ILLINOIS SCHOOL BOARD JOURNAL
by Jim Blaney
Jim Blaney is director of school and community relations at St. Charles CUSD 303.
Of all the media that might cover an event in our school district, Saturday Night Live’s “Weekend Update” would be one of the last I would have expected.
But it happened. It was the finale of a norovirus outbreak in one of our schools.
On January 7, our administration learned that 10 of the 14 members of the St. Charles East High School boys’ varsity basketball team were ill with stomach virus symptoms. The team was supposed to play that evening, and we had to postpone the game.
Because it was a Saturday and students weren’t in school, we needed an idea of how many of the 2,500 St. Charles East students were ill. Our administration worked with the principal, who sent an email message to par- ents about the game postponement, asking parents to reply and let him know if their kids were ill. He also asked if they could describe the symptoms of the illness.
By the time classes resumed on Monday, we knew about one-third of the students were ill. By mid-morning, there were 800 students absent. The number went over 1,000 by the end of the day. We cancelled classes for Tuesday and Wednesday and thoroughly cleaned the building. Classes resumed on Thursday.
We made the national “news” debut the following Saturday night, when SNL’s Colin Jost poked some good-natured fun at us by asking what else could be expected from a school whose mascot is “the warm shrimp cock-tails.” For the record, East High School is the Fighting Saints!
From a communications standpoint, there was a lot to cover, but we never really felt that we were in crisis. A lot of that is due to the parents of our students. They never panicked. In fact, they helped immensely by sharing in-formation about their kids over the weekend. I think the helpful response from parents was due to the initial principal’s message, which went out within 90 minutes of our learning about the basketball team. The principal works very hard at his everyday relationship with the parents of his students. They trust him and it showed.
In the aftermath of all this, I’ve been asked by colleagues and friends about the most important thing at our dis-posal in dealing with what is now referred to by our students as “Quarantine ’17.”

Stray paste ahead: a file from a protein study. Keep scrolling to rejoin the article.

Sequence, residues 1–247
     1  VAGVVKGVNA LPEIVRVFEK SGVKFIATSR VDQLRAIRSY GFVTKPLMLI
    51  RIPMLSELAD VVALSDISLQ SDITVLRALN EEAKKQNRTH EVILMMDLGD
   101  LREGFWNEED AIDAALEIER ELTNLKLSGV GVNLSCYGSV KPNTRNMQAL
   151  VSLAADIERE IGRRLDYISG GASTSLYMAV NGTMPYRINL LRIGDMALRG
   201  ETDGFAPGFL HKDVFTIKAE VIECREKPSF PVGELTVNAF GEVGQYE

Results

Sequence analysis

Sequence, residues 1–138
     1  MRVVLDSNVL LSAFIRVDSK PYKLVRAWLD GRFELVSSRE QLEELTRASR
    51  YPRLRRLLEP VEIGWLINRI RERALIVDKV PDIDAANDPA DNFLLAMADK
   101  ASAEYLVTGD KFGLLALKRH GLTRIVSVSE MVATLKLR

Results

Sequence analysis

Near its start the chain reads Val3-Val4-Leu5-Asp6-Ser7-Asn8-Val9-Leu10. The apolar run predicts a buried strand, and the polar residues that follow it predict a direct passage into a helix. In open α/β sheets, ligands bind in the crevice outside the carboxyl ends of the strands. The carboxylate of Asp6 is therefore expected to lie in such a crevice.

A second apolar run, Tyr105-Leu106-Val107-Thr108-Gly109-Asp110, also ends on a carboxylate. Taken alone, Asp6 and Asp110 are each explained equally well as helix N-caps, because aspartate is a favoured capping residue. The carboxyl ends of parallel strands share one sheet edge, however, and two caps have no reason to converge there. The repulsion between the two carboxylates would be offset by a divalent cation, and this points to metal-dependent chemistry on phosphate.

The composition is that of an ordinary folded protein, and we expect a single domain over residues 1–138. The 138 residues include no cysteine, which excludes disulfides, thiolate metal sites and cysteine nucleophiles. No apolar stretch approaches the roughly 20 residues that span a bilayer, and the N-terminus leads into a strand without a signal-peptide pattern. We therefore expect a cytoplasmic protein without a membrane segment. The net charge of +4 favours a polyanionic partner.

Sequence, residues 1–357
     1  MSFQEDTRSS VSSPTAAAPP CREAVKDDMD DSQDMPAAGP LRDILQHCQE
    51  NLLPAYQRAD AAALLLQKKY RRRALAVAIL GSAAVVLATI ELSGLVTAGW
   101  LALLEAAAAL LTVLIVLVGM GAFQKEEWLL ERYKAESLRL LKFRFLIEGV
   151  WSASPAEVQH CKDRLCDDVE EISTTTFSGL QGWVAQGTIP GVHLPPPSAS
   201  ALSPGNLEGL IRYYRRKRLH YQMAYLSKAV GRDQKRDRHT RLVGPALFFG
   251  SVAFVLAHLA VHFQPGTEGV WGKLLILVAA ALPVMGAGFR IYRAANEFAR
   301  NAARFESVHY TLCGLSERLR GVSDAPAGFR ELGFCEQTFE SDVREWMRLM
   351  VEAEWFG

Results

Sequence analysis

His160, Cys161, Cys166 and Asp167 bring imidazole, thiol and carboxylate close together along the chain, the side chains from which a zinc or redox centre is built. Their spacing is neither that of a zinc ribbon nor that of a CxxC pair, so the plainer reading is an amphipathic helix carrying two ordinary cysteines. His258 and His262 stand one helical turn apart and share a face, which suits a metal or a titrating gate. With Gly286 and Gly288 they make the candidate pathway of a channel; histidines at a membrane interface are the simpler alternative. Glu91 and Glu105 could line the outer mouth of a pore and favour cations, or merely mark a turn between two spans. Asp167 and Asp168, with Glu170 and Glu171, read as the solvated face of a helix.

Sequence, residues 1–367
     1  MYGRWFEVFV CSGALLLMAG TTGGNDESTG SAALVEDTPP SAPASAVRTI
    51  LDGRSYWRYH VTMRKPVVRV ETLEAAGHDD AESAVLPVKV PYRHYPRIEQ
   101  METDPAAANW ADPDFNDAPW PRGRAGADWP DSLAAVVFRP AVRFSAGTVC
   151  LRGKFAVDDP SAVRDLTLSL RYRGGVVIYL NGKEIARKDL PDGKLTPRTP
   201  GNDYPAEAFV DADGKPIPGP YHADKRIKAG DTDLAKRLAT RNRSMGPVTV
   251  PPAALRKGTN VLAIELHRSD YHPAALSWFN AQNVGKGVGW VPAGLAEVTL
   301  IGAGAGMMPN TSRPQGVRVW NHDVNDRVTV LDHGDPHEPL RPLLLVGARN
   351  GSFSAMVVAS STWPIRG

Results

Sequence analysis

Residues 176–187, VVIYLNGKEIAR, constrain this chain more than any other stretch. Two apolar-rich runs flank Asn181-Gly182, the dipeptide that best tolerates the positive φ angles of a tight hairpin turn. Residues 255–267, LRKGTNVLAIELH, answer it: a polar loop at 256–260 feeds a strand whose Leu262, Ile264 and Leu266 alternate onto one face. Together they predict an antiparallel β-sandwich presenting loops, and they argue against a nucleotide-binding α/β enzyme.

My answer is the relationships we’ve developed in our district, in the media, and in our community — not only since I was hired eight years ago, but even in my prior jobs.
At the top of the list is an informal group called the Kane County Public Relations Council. Once each quarter, the public information officers from a wide range of county public agencies get together and brown bag our lunch. We tell stories, complain about our press coverage, and shake our heads at some of the strange things that happen. Most importantly, we get to know each other.
My counterpart at the county health department and I had worked on projects together prior to the norovirus outbreak. Being able to say we were working with the county health department to assess the situation and to have their guidance was an immense help.
When you have half of the students absent from a school, you’re going to attract the press. Once we announced we were closing the school on Monday night, we got calls from the Chicago television reporters. They wanted someone to answer some questions and get video of our custodial staff cleaning the schools. Normally, our su-perintendent does these press conferences, but because we had a board meeting that night, I was the guy.
As we were waiting for all the crews to arrive, I was chatting with one of the photographers and found out we had worked together years ago on some live sports productions. I should note I always capture video of when we have a press conference and I’ll explain why in a moment. Because I was working by myself, I asked the photographer if he could frame my shot and start my camera when I started the press conference and he said, “No problem.”
The reason for capturing video of press conferences we have in crisis situations, and then posting the press con- ference on the website, is because it allows your community to see the interview unedited. Also, when the radio stations start calling, you don’t have to do the interviews again; they can pull the sound bites off your website and the audio quality is outstanding.
Then it was time to monitor Facebook and email to check the buzz in the community. I addressed direct ques-tions and misconceptions on Facebook and called parents who emailed with questions. A phone call is more personal and it helps build bridges. As I watched the Facebook posts that week, I saw the names of parents I had spoken to in the past speaking positively of our district.
I still consider myself new to school communications. I am amazed by the things my counterparts do every day. But if I could be so bold as to offer advice, I would suggest taking time to get to know your fellow PIOs in city and county government, park district, library, and state’s attorney’s office, along with the elected officials and business leaders in your district. Most importantly, talk to as many parents of students as you can.
When the crisis hits, it’s too late to build bridges. They need to already be in place.
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